What we don’t know still hurts us, environmental researchers warn

Jan 29, 2009

Knowledge gaps continue to hobble scientists' assessments of the environment, a Michigan State University researcher and colleagues warn. Their warning follows sobering conclusions drawn from what they do know and could help set the global agenda for research funding in the years to come.

A worldwide 2005 Millennium Ecosystem Assessment enlisted hundreds of scientists to develop a view of ecosystems through the lens of services those ecosystems provide humanity, said Thomas Dietz, director of the MSU Environmental Science and Policy Program and professor in sociology and crop and soil sciences. The MEA found about 60 percent of ecosystem services supporting life — including fresh water, fisheries, clean air, pests and climate — are being degraded or used unsustainably. The MEA projected continued deterioration at current rates.

But drawing conclusions is still limited by what researchers call discipline-bound approaches that don't fully describe the range of the Earth's dynamic and complex biophysical and social systems.

"In only a few cases are the abilities of ecosystems to provide human well-being holding steady, and in almost every case we're seeing declines in ecosystems underpinning human well-being," said Dietz, who was involved in the original MEA.

Many view that assessment as a baseline for analyzing climate change, Dietz said, although that was not the purpose of the report. He and fellow scientists are set to publish what amounts to a post-MEA gap analysis in the Proceedings of the National Academy of Science.

"The conclusion that things are getting worse in general comes out of the Millennium Ecosystem Assessment," he said. "Our job was to say 'OK, what science do we need to do?'"

Among the biggest knowledge gaps Dietz and colleagues found, he said, is "really thinking seriously about the interaction between humans and ecosystems, back and forth. How are we changing ecosystems and how are ecosystems affecting us?"

Probing such questions suggests a larger role for MSU, Dietz said, given its strengths in researching coupled human and natural systems.

The lack of long-term ecosystem monitoring and data collection is another deficiency the world scientific and policy communities must address, Dietz and colleagues wrote. Research tends to be underwritten for maybe three years, but data needs, in many cases, to span decades to be of greatest value.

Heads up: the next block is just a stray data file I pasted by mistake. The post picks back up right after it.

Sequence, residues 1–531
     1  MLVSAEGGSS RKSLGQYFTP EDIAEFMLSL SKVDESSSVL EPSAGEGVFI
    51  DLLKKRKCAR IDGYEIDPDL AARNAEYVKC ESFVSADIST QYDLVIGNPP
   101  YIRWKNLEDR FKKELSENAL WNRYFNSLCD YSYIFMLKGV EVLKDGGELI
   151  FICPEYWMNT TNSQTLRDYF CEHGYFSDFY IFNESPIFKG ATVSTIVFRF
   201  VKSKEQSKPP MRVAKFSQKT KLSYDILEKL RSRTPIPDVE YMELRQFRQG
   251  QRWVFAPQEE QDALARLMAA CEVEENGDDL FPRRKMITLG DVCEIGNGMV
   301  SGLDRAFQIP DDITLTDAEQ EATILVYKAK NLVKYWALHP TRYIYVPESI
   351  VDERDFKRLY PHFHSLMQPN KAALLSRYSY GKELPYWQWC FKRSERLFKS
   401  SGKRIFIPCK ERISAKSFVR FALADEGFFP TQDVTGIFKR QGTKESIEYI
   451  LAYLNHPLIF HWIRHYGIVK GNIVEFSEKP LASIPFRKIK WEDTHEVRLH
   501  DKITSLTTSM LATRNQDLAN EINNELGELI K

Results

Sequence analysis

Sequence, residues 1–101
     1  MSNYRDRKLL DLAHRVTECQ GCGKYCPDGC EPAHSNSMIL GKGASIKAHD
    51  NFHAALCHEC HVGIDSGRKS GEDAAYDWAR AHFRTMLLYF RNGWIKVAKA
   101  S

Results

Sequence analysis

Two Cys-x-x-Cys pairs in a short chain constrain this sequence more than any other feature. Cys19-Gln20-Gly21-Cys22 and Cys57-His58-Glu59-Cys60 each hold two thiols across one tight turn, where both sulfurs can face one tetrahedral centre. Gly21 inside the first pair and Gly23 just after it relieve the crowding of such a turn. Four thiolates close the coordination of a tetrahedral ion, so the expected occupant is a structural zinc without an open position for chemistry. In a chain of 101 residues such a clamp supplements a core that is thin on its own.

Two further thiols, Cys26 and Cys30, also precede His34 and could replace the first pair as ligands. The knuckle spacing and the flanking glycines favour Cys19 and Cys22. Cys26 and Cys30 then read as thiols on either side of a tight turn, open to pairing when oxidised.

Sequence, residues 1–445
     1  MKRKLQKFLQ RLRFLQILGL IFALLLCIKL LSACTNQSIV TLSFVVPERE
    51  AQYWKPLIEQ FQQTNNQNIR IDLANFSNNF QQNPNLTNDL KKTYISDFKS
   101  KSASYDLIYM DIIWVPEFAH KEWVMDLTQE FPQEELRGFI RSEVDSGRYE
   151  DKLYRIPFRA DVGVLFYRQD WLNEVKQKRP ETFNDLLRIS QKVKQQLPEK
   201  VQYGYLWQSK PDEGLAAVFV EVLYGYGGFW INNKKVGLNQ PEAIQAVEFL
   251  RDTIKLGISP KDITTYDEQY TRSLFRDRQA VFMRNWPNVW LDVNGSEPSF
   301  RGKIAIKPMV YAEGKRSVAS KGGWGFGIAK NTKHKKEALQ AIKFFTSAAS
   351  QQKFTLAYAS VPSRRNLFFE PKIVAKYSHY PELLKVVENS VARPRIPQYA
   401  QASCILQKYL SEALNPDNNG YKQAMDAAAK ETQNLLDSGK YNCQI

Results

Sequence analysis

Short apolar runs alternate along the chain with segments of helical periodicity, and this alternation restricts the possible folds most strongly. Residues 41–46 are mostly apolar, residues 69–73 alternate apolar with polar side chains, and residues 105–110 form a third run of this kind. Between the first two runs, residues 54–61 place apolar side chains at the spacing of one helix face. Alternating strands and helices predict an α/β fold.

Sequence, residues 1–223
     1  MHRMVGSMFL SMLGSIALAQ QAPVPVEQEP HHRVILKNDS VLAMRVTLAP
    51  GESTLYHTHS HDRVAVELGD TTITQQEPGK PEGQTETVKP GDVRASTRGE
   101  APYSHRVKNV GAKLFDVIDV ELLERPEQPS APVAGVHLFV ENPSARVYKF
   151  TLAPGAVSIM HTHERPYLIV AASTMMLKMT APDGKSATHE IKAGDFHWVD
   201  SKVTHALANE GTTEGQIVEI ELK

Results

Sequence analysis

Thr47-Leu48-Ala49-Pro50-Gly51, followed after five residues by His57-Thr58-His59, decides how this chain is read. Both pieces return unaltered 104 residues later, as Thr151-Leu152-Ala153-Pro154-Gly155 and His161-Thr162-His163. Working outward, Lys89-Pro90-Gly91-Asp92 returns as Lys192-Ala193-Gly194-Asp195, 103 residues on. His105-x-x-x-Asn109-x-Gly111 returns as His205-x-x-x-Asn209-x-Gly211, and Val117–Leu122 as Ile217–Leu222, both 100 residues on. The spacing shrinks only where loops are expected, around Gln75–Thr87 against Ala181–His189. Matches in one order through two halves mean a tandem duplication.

On the other end of the spectrum, addressing abrupt ecosystem changes — "those are the scary things" — and developing early warning systems also are challenges confronting scientists and the policymakers.

Recommendations such as those made by Dietz's group tend to carry weight when national science agencies make research funding decisions, he said. Ecosystem change might sound like an academic subject to many in the developed world, he said, but "for an awful lot of people around the world, the functioning of the ecosystem is right in their front yard and at their water tap."

Source: Michigan State University

Explore further: Conservation scientists asking wrong questions on climate change impacts on wildlife

add to favorites email to friend print save as pdf

Related Stories

Noise pollution impacts fish species differently

Jul 24, 2014

Acoustic disturbance has different effects on different species of fish, according to a new study from the Universities of Bristol and Exeter which tested fish anti-predator behaviour.

A global view of oceanic phytoplankton

Jul 18, 2014

University of Maine oceanographer Ivona Cetinic is participating in a NASA project to advance space-based capabilities for monitoring microscopic plants that form the base of the marine food chain.

Recommended for you

Big data confirms climate extremes are here to stay

19 hours ago

In a paper published online today in the journal Scientific Reports, published by Nature, Northeastern researchers Evan Kodra and Auroop Ganguly found that while global temperature is indeed increasing, so too is the variab ...

Peru's carbon quantified: Economic and conservation boon

19 hours ago

Today scientists unveiled the first high-resolution map of the carbon stocks stored on land throughout the entire country of Perú. The new and improved methodology used to make the map marks a sea change ...

How might climate change affect our food supply?

20 hours ago

It's no easy question to answer, but prudence demands that we try. Thus, Microsoft and the United States Department of Agriculture (USDA) have teamed up to tackle "food resilience," one of several themes ...

Groundwater is safe in potential N.Y. fracking area

20 hours ago

Two Cornell hydrologists have completed a thorough groundwater examination of drinking water in a potential hydraulic fracturing area in New York's Southern Tier. They determined that drinking water in potable ...

User comments : 3

Adjust slider to filter visible comments by rank

Display comments: newest first

MikeB
3 / 5 (4) Jan 29, 2009
"Recommendations such as those made by Dietz's group tend to carry weight when national science agencies make research funding decisions", he said.

SEND MORE MONEY... THINGS ARE MUCH WORSE THAN WE THOUGHT!!!
GrayMouser
3.7 / 5 (3) Jan 30, 2009
Have you ever wondered if there was a connection between the increase in wild claims and the so called science shows on TV?
Velanarris
3.7 / 5 (3) Jan 31, 2009
"Recommendations such as those made by Dietz's group tend to carry weight when national science agencies make research funding decisions", he said.

SEND MORE MONEY... THINGS ARE MUCH WORSE THAN WE THOUGHT!!!
No they're saying:

"Send more money, we still don't know anything."